Catherine Giess, MD Division Chief, Breast Imaging Network Director, Breast Imaging
A mammogram is an x-ray examination of the breast. It is used to detect breast disease in women who either have breast problems such as a lump, pain, or nipple discharge, and for women who have no breast complaints.
Mammography cannot prove that an abnormal area is cancer, but if it raises a significant suspicion of cancer, tissue will be removed for a biopsy. Tissue may be removed by needle or open surgical biopsy and examined under a microscope to determine if it is cancer.
Mammography has been used for about 40 years, and in the past 15 years technical advancements have improved both the technique and results. Today, dedicated equipment, used only for breast x-rays, produces studies that are high in quality but low in radiation dose. Radiation risks are considered to be negligible.
Brigham and Women’s Hospital breast imaging specialists are now using 3D mammography. Digital 3D mammography is also used in follow-up exams when there has been a suspicious finding on a previous mammogram. 3D mammography is currently offered at the Lee Bell Center for Breast Imaging.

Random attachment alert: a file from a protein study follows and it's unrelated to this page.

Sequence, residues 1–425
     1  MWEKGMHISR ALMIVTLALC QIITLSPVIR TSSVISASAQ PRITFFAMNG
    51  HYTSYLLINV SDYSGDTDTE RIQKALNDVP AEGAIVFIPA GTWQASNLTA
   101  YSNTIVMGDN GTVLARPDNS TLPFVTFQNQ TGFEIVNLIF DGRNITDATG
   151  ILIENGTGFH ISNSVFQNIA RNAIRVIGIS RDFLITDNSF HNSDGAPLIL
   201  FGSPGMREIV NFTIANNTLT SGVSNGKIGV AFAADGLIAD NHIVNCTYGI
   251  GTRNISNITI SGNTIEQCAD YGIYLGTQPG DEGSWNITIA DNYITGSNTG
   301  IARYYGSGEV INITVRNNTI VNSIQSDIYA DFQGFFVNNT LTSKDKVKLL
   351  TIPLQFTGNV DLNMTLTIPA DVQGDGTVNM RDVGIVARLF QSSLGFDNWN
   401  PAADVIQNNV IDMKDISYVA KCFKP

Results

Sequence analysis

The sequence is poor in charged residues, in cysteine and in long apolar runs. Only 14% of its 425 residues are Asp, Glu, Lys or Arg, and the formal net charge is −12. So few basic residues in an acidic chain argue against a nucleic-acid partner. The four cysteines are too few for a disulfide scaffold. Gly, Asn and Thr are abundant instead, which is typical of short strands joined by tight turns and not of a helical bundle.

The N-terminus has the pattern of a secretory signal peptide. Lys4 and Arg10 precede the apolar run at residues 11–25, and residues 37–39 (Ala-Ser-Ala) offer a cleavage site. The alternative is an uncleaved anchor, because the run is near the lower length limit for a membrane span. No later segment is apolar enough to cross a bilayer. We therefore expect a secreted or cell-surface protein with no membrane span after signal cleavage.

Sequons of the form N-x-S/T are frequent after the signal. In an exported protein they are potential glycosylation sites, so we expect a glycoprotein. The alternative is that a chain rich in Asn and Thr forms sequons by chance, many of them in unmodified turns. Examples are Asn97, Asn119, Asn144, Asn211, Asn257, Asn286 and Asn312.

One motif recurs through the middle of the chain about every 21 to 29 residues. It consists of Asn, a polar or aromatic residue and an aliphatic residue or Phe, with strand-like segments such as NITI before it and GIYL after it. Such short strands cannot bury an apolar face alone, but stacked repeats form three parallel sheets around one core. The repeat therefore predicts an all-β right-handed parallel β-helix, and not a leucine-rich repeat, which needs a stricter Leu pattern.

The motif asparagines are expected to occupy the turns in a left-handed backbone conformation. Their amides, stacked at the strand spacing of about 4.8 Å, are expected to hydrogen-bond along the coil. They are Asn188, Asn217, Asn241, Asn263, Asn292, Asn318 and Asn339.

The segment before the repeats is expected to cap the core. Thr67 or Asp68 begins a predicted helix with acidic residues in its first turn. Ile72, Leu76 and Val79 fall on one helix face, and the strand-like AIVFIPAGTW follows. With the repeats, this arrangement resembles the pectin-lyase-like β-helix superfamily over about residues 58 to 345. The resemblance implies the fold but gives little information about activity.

Catherine S. Giess, MD, Section Head, Division of Breast Imaging at Brigham and Women’s Hospital, explains what women need to know about mammography.
Catherine S. Giess, MD, Chief, Division of Breast Imaging at Brigham and Women’s Hospital describes mammography screening and the breast imaging technology used during a patient examination.
Most patients don’t have an accurate sense of their overall risk for developing breast cancer. In this video, Catherine S. Giess, MD, Chief, Division of Breast Imaging explains the Breast MRI Screening program at Brigham and Women’s Hospital.
Breast Cancer Screening: Understanding the Guidelines
Approximately one in eight women will develop invasive breast cancer during her lifetime, according to the American Cancer Society. This post is designed to outline breast cancer screening guidelines.
Detecting subtle changes in early breast cancer can be very challenging. Studies have shown that radiologists specializing in breast imaging outperform non-specialist radiologists in detecting breast cancer.